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Our Skin: So Important

September 12, 2017
Another Way for week of September 9, 2017
Our Skin: So Important

Skin is perhaps the least appreciated bodily organ, but so important. In fact, we seldom think of skin as an actual organ, like the heart, or liver. But remove that outer layer of our bodies—and we fall apart.

As we get older, our skin becomes more and more fragile. I learned that lesson this summer. I was coming up our basement steps carrying something, I forget what, with my husband. I slipped, and my right middle finger, skin side, caught on the edge of a wooden step. The mishap almost took a whole patch of skin the size of half a nickel off the last section. Almost: the skin hung on, but only in a couple of places.

No splinters and not much pain, but a giant nuisance to keep from bleeding and then from infection.

Luckily a trip to the beach and it’s healing salt waters was coming up three weeks after the accident—just at the right time to finish healing my digit. Now you can barely see a scar and my finger print looks roughly the same. Amazing.

Speaking of beach, I remember the years when we soaked up all the sun we could—using baby oil as a medium with which to fry our skin.

How very stupid. Generations of us are now paying the price. Skin cancer—in the form of basal cell, or the more deadly melanoma, are popping up among baby boomers and even younger. But we did not know better; if much was said about skin cancer when I was a teen, I did not hear it, or it passed through my cranium in obeisance to the god of beautifully tanned skin.

My dermatologist—who I began going to because of a small basal skin cancer on my chest—has a brilliant poster that shows a piece of leather and then says something along these lines: “This is leather. How is leather made? By tanning skin. Get the picture?’SkinPoster

In her examining room another huge medical-teaching poster explained the steps in the healing of a wound.


  • a blood clot forms to help stop the bleeding, and usually dries to make a protective scab;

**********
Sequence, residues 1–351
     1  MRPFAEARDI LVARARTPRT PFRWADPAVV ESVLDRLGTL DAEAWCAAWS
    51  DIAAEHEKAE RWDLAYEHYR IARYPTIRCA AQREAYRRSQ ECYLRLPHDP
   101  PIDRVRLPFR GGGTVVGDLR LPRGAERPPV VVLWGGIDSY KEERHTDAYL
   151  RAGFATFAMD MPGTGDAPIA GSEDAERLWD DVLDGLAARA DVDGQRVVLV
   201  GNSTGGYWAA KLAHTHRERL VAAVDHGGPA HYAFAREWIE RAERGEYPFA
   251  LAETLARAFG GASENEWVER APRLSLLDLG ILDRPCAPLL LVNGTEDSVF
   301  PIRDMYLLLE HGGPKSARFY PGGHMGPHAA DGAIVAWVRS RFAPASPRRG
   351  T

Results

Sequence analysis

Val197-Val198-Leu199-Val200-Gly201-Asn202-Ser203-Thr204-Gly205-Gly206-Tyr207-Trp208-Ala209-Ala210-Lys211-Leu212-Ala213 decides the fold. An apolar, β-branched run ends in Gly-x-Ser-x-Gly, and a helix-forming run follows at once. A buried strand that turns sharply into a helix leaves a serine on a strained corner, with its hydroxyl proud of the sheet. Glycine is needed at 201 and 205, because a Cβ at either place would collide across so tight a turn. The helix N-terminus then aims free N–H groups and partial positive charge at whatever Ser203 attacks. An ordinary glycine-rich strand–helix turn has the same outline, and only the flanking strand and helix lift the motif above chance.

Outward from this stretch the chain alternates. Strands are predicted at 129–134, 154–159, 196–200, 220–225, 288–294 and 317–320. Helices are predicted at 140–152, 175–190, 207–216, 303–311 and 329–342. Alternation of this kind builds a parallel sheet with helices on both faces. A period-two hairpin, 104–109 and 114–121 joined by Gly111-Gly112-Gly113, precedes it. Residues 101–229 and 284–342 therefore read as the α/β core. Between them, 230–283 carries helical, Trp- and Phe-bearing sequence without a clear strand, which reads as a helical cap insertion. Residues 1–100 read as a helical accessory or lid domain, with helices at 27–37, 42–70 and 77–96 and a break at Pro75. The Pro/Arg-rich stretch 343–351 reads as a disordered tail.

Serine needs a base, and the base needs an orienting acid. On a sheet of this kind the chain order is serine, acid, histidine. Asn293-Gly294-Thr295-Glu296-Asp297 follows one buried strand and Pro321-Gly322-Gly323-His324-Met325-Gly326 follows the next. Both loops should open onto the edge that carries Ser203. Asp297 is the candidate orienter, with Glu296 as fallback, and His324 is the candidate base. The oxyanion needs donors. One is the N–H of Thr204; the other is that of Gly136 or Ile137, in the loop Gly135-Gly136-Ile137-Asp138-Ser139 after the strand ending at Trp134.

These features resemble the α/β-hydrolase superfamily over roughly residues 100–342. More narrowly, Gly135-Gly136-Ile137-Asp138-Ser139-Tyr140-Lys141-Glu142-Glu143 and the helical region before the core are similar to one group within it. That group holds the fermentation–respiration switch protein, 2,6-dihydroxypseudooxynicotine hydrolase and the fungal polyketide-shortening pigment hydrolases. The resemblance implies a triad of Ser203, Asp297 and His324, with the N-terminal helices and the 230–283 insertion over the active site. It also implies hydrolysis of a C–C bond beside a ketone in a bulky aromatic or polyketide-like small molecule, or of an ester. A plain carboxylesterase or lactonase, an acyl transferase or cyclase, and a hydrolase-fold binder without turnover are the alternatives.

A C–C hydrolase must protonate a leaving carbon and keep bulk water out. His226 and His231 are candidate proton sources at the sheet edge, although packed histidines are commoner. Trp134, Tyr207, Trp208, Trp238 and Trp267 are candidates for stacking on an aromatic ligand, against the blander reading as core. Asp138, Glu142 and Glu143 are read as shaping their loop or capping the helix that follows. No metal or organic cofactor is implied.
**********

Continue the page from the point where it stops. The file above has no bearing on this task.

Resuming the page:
• below the surface, inflammation and nearby blood vessels enlarge to deliver oxygen and nutrient-rich blood and “leukocytes” to clean the wound of dead tissue and bacteria;
  • rapid proliferation (or regeneration) and migration of new epithelial cells [lining that helps separate the inner parts of our body from the skin and outside environment] helps to replace the damaged area with new tissue and close the wound.

Of course, if a wound is deep enough, stitches or another substance—even crazy glue—helps hold skin together, generally resulting in less scarring.

When my finger got hurt, I toyed with the idea of going to the ER or a doctor but didn’t like the idea of stitches on the end of my finger. Indeed the healing happened pretty much on its own.

How cool is that. Just amazing, when you stop to think about it, as with most of the functions of our bodies.

Wikipedia says “In humans, skin is the largest organ of the integumentary system. The skin has up to seven layers of ectodermal tissue and guards the underlying muscles, bones, ligaments and internal organs.” Wikipedia further defines integumentary as “the organ system that protects the body from various kinds of damage, such as loss of water or abrasion from outside. [It] includes the skin and its appendages including hair, scales, feathers, hooves, and nails [when considering the whole mammal world].

How fearfully and wonderfully God made us all!

What have you learned about our wonderful skin–here or through your own experiences–or that of loved ones?
Other Comments? Make them right here or send to Thanks!
Another Way is a column by Melodie Davis, in syndication since 1987. Another Way columns are posted at a week after newspaper publication.

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  1. Elaine permalink

    After going through menopause, one of the things I “grieved” was the loss of elasticity in my skin. The skin is an amazing organ of our body though, especially the healing process!

    • We truly do not think very much about the role our skin plays. I was quite amazed at the description of “nearby blood vessels enlarge to deliver oxygen and nutrient-rich blood” after a wound to the skin. I hadn’t thought about it much as occurring after menopause but I’m sure that has a lot to do with the thinning of the skin. Thanks for commenting, Elaine!

  2. My hubby keeps damaging his finger skin too, the latest when he lifted a painting to secure it in a closet before the storm. He sliced two fingers (Ouch!) but after cleaning up, applied a product called New Skin, a liquid bandage. A week later, good as new.

  3. My husband has used Crazy Glue to put skin together but I like the sound of “New Skin liquid bandage” much better. Glad to hear it got better very fast! Sounds great.
    It sounds like you fared ok during the storm and I’m happy that you made it through this difficult and frightening time. Prayers for the extended community and those with flooding.

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